I liked this Christianity Today story on privacy a lot. It raises a question I’ve asked myself for a long time – are we sure that privacy is a Christian value?
When I went on a mission trip to East Asia in 1998, I remember being bothered when some of my team members would say how the people there are so brainwashed. It’s not that it was untrue – it’s kind of crazy to me that there’s a society where all media and information is controlled by the state and there’s no place to find out what’s accurate. There were rumors about some events happening at the campus we were at and there was no news or any other source where we could find out if these rumors were true or not. That’s nuts. So yes, they are in a sense brainwashed, but what bothered me was the unsaid assumption that in contrast, we American Christians were not brainwashed at all. That’s completely untrue. The more I travel around the world the more I realize how tainted American Christianity is with non-Christian values. These values aren’t necessarily anti-Christian, it’s just that they’re more American than truly Christian. The emphasis on personal liberty and decision-making is probably the biggest of these.
I’ve long thought that privacy is another one of these values. American Christians seems to place a high value on privacy. In my mind, that value stems more from particular American ideas about liberty than Christianity. Does the Bible ever extol privacy? Propriety for sure. But privacy? The best I can think of is Matthew 6, which urges us to keep our good deeds private, our giving to the needy, our prayers, our fasting. That’s not the kind privacy American Christians seem to value. On the contrary, the Bible seems to consistently value opening up, confessing our sins, letting our light shine. It speaks of a day when everything that is hidden and secret will be made light (Luke 8:17). Scripture seems to value the opposite of privacy. I jive with that, and because of that in my life I have tended to value openness far more than privacy. I’ve probably overshared at times. But that has always felt more in line with Scripture to me.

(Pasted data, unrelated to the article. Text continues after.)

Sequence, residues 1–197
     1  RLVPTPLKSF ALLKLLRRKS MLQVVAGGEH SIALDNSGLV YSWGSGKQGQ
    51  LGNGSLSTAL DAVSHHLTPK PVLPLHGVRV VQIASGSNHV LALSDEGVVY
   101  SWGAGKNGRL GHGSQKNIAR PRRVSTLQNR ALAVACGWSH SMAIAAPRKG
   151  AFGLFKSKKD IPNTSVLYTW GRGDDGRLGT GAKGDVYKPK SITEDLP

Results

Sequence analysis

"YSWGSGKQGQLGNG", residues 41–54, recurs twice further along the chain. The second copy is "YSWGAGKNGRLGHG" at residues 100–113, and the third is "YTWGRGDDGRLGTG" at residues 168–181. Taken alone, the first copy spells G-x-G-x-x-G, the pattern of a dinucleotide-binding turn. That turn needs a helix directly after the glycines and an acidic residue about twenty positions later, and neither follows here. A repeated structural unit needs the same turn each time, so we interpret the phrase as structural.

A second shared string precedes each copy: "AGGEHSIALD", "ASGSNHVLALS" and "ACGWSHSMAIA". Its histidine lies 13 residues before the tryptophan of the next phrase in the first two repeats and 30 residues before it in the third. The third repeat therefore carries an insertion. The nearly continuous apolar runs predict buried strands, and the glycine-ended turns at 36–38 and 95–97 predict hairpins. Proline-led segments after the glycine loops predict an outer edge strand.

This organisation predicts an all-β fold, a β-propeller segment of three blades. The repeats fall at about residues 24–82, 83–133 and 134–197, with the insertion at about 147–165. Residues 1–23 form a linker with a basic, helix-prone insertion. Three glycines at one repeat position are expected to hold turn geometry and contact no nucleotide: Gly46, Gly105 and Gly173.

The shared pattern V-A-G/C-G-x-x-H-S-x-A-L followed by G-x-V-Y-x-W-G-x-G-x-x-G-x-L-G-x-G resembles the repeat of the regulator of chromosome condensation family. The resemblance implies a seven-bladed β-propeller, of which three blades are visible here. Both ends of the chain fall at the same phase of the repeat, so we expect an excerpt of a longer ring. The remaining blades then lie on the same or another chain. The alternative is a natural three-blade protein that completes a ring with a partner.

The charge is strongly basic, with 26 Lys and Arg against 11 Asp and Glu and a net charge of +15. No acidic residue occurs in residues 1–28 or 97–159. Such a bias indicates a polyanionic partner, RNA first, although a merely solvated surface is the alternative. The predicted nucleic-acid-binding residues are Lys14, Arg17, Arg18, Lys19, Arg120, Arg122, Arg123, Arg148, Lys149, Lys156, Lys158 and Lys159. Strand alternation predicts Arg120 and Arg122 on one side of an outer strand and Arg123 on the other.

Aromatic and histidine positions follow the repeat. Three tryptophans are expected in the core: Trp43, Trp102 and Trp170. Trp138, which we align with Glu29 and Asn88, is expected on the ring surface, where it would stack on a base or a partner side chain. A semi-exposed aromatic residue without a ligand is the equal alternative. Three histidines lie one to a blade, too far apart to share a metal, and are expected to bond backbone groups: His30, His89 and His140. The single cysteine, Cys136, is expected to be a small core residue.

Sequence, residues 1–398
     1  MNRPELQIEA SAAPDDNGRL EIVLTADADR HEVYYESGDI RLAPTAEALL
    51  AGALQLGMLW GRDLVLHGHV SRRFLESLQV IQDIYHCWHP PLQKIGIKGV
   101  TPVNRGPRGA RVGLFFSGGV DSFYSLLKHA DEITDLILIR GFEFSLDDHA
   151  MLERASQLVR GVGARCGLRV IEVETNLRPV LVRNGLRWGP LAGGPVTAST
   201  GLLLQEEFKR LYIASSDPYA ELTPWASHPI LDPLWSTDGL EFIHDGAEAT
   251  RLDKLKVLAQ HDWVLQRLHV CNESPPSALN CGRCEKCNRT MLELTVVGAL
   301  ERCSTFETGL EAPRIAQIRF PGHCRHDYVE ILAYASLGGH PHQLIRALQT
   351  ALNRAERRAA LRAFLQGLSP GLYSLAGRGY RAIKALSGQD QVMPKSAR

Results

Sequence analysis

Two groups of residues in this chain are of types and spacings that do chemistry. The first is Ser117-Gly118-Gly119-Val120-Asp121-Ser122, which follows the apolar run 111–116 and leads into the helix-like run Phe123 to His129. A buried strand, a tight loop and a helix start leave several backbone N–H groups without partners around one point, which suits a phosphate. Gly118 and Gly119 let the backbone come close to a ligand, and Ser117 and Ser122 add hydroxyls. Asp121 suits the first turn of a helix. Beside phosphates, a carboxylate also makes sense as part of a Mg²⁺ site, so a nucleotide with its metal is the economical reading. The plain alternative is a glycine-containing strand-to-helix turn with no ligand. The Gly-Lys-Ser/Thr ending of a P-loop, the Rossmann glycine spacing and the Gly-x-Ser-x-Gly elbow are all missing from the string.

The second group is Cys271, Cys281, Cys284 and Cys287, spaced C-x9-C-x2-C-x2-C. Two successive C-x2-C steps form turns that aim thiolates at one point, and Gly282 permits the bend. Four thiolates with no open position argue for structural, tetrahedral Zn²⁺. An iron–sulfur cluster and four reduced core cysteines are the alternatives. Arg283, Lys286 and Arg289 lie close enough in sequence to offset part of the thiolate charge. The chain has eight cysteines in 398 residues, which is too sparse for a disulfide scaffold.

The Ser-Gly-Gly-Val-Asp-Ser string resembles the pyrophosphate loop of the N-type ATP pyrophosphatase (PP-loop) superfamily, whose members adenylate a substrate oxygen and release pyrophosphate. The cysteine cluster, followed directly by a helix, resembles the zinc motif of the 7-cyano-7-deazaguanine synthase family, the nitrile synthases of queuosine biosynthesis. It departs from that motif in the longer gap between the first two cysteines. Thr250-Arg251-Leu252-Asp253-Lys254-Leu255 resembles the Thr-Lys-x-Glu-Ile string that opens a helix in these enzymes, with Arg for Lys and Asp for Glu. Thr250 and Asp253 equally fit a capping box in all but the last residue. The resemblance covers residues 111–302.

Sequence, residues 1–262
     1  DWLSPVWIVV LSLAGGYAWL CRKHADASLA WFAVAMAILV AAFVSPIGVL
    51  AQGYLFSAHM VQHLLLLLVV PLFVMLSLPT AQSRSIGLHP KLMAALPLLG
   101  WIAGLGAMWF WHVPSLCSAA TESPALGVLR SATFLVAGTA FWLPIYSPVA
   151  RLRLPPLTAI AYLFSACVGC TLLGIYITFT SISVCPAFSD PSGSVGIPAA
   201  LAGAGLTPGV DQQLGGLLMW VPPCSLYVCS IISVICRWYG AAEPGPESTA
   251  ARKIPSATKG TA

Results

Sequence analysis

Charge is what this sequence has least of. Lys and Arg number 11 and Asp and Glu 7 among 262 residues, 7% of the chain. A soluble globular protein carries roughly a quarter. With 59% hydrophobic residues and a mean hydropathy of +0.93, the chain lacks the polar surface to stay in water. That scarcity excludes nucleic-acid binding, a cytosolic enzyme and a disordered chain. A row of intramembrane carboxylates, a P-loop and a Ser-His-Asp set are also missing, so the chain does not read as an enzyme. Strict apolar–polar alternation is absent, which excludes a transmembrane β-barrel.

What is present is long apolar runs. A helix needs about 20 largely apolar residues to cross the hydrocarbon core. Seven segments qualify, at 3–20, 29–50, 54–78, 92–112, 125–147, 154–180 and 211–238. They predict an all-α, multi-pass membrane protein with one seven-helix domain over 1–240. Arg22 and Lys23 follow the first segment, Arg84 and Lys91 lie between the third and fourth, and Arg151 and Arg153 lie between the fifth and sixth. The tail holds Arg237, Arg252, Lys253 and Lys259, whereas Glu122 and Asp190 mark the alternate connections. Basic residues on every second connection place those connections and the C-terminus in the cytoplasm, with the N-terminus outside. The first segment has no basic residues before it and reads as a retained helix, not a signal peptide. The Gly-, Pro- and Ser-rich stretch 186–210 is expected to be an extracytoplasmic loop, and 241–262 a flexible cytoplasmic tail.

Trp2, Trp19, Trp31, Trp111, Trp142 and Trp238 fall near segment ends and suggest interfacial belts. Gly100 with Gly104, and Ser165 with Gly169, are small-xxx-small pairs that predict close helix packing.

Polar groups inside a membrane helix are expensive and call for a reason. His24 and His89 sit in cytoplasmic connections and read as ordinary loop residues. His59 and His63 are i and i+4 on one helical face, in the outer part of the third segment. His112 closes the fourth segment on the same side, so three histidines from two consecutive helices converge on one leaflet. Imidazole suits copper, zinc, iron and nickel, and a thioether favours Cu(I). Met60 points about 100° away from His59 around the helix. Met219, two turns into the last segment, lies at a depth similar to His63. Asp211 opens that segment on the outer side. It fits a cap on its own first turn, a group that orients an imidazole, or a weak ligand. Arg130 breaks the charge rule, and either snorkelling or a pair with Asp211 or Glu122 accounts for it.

The Christianity Today piece helped me clarify my thinking. It affirms what I think, that in general, we should value openness and revealing ourselves over maintaining privacy. But it doesn’t mean we should be completely open with everyone. It observes that the feeling of having our privacy violated is a useful indicator. We only feel our privacy is violated when information about us is unexpectedly revealed to someone with whom we have the wrong relationship for that information. If we receive a bad medical diagnosis, we are not likely to be bothered if our sibling shares that information with our parent, but may be if that same information is shared with a coworker we do not know well. The relationship matters. So the article challenges us not to share with everyone, but to make sure that we are in relationships such that we feel open to share what could be private. That feels right to me.
I consistently struggle with how much to share online. I would actually like to share a lot more that’s personal – I kind of hate how superficial Facebook and Instagram and whatever is. It gives no sense of how I’m really doing. But blasting personal stuff online often feels like it would lack propriety. In the end I’m resigned that even with these supposed social tools to keep in touch, only a few people around me will really know how I’m doing.